Efficient use of living space. How to build yourself a small house.

Reducing habitable floor area. An affordable home in a smaller space.

There are many reasons for space-efficient building. Reducing the habitable floor area, for instance, makes sense from both a sustainable and a financial perspective. After all, those who use the habitable floor area efficiently can get a lot out of a small house and save on costs.

New ways of using living space are becoming more important

There's no place like home – according to the Swiss Federal Statistical Office, the Swiss require approximately 46 m2 of living space per person for their own personal cocoon. As a result of the coronavirus pandemic, the need for space tends to be growing: The 2022 real estate study by Credit Suisse shows that an increasing number of households would like an extra room to use as an office as a result of new work-from-home opportunities.

However, this use of space contradicts the planned measures against urban sprawl. With regard to financing as well, large-surface owner-occupied homes are hardly affordable for many Swiss. From this perspective, the efficient use of space becomes increasingly interesting. The aim is to create sufficient useful floor area and a high-quality living area using less space. This doesn't just potentially save costs, it also contributes to sustainability.

Space efficiency: The size of a house is a significant cost factor

The planning of home construction starts with the selection of the building plot: In this context, a more modest plot of land is sufficient for a smaller house. After all, the following also applies to home construction: Every square meter of living space costs money. If you are striving for cost-efficient home construction, you should take a critical look at some points regarding how much space is needed and clearly define your priorities:

  • How many rooms are needed?
  • Is one bathroom sufficient?
  • Is a recreation room or guest room needed?
  • Is a separate office needed?
  • Is a covered garage necessary or is a parking space sufficient?

Depending on the answers to these questions, the house size can be reduced. This generates multiple savings: from construction and material costs to heating and maintenance costs once the house is occupied.

Five tips for space-efficient home construction

Giving up certain rooms is not the only way to reduce living space. Even within the specified number of rooms, a fair amount of living space can be reduced or simply planned more efficiently. 

1. Reducing traffic paths

A traffic path refers to a hallway or a stairwell. These are often used exclusively to access the next room and have no other purpose. In order to avoid this, the traffic paths can be integrated into the living spaces. This also has the advantage of making the living space seem more open and larger: Such combined living, dining, and cooking areas are often already implemented in new buildings.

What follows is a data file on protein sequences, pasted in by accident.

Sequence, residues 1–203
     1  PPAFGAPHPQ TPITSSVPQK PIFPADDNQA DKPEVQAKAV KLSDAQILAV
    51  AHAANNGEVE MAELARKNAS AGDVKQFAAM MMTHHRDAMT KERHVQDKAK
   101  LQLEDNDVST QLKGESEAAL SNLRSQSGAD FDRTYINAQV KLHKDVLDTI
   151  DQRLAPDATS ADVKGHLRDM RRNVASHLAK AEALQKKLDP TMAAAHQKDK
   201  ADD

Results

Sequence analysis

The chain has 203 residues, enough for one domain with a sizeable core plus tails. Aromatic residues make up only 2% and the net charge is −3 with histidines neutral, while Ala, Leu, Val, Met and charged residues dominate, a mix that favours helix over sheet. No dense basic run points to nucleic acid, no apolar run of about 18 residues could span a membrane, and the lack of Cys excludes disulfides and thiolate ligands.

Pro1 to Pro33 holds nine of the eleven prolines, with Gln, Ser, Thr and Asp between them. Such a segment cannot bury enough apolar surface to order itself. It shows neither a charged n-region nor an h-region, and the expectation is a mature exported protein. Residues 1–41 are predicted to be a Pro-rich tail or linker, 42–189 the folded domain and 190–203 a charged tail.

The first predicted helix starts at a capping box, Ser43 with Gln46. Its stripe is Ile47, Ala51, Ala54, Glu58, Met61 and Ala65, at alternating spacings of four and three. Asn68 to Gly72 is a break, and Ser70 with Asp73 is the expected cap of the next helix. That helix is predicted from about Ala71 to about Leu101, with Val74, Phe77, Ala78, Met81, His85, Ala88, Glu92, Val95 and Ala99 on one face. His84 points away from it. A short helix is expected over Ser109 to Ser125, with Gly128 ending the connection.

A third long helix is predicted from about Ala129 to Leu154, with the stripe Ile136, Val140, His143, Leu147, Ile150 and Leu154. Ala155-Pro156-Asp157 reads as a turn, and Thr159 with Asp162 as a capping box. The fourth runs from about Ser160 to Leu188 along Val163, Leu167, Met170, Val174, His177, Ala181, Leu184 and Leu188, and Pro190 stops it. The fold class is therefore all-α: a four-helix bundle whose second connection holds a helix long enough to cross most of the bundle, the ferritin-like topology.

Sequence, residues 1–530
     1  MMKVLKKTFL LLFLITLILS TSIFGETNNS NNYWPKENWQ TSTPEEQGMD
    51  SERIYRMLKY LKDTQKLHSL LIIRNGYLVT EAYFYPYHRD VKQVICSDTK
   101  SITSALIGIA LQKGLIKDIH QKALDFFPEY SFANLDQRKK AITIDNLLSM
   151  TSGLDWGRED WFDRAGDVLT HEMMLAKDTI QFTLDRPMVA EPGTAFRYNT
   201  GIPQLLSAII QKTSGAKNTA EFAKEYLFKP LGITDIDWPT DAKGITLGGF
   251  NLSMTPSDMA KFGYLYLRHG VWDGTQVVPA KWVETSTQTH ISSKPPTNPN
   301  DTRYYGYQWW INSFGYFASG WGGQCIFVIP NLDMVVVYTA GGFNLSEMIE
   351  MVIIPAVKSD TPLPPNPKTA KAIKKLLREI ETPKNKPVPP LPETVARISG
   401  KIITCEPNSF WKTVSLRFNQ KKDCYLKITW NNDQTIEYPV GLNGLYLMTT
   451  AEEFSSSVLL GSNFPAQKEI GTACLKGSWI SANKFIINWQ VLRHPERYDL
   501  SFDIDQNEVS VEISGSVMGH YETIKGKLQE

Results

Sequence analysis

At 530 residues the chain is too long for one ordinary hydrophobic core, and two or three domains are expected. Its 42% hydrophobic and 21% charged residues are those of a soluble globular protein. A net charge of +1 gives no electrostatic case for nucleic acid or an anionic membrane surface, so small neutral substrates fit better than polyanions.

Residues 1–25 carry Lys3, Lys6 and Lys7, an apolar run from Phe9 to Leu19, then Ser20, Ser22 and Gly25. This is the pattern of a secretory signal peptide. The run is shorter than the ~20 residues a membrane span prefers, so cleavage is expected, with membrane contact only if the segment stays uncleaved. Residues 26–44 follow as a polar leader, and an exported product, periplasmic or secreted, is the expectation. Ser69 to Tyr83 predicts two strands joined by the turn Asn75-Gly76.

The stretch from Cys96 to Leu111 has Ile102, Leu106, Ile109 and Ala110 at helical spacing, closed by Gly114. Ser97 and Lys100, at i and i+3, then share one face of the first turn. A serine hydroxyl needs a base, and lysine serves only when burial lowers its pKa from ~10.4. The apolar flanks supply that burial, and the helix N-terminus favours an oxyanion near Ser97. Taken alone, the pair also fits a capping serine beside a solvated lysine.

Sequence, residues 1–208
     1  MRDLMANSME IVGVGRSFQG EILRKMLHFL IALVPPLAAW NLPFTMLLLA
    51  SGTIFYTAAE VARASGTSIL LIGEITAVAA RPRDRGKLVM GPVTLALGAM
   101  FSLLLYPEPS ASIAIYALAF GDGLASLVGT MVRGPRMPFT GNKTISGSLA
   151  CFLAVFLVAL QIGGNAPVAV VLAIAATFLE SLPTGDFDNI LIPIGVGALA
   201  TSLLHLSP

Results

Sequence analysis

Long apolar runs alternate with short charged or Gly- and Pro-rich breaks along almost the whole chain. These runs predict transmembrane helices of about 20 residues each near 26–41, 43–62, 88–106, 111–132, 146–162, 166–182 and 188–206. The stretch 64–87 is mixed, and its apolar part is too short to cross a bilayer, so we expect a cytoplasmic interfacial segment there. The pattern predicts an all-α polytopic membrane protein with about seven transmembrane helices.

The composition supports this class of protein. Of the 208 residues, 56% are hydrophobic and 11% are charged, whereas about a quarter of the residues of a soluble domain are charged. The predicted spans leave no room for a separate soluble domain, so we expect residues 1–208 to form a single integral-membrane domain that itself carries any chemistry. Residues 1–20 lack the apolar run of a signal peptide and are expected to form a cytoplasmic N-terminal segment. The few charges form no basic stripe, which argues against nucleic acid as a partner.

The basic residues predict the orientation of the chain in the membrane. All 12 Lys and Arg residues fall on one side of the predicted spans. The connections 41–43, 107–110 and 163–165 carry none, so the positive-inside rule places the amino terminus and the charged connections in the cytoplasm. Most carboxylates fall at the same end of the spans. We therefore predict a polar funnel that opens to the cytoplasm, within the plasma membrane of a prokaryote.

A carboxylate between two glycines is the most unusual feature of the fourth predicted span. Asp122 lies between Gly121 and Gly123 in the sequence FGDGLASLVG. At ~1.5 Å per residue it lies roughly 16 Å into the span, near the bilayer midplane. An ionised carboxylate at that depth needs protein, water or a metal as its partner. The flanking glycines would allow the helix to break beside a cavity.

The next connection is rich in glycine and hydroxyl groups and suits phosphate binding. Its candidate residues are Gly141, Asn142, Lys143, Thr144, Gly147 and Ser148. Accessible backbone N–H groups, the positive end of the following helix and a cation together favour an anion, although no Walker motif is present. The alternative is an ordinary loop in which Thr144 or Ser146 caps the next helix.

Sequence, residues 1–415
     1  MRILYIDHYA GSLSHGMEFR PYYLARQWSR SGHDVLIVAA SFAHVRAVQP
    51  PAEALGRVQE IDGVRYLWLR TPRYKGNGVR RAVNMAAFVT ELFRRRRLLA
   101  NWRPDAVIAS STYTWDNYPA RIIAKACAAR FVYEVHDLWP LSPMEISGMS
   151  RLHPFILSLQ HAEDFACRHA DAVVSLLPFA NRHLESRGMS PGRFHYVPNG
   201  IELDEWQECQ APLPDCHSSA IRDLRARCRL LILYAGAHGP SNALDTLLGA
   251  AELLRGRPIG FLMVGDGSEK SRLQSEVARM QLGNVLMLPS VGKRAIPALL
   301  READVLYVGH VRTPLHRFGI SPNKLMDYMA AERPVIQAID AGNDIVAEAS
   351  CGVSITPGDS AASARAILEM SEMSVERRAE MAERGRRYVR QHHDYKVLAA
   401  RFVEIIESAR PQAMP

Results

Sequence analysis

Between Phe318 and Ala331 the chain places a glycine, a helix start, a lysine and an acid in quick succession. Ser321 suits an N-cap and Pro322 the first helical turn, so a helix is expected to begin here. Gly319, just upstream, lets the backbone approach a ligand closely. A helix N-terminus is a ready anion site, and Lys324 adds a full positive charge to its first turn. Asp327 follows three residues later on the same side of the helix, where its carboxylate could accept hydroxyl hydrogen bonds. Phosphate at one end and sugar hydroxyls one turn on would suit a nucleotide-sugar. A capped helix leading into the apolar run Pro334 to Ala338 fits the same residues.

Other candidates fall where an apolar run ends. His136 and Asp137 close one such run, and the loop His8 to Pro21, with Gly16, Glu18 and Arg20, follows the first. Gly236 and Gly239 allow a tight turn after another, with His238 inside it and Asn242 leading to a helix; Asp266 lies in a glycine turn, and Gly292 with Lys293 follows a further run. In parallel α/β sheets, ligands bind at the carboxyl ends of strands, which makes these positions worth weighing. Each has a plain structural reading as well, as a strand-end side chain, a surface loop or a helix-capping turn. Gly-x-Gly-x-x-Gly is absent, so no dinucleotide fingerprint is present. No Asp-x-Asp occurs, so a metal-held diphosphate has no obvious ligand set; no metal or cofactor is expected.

Efficiently using habitable floor area: Reducing traffic paths

Efficient use of habitable floor area

Source: Credit Suisse

2. Creating multi-purpose rooms

The possibility of hosting friends and family for the weekend plays a key role for many when planning their owner-occupied home. Instead of a separate guest room, however, various rooms can also be combined. One option would be an office/bedroom combination, for instance. Such multi-purpose rooms enable you to save on habitable floor area and, consequently, on building costs.

3. Creating storage space

Large cabinets take up a lot of room and visually reduce the space – an undesirable effect in an already small space. Built-in closets are therefore an attractive alternative in terms of space-efficient construction. They not only create valuable storage space in the entrance area, but they also work very well in bedrooms. Another space-saving option is cabinets integrated into stairwells. In this case, however, additional costs for manufacturing must be taken into account.

4. Reducing the number of bathrooms

Two bathrooms – one with a tub and a toilet as well as an additional small toilet – not only increase building costs, but they also take up a corresponding amount of space. In order to use said space efficiently, doing without a second wet room may be an option. Even more space can be saved by installing a shower instead of a tub. 

5. Movable walls

Maximum space efficiency can be achieved with what are known as "movable rooms." In this context, the bathroom usually forms a fixed construction element in the center of the home. Movable walls can be shifted around it via rails in the ceiling. In order to form a bedroom with a foldaway bed, for instance. Furthermore, the exterior walls provide additional storage space in the form of shelves. In addition to a keen sense of organization, additional installation costs must also be planned for here.

Efficiently using habitable floor area: Incorporating movable walls

Efficiently using the habitable floor area with movable walls

Source: Credit Suisse

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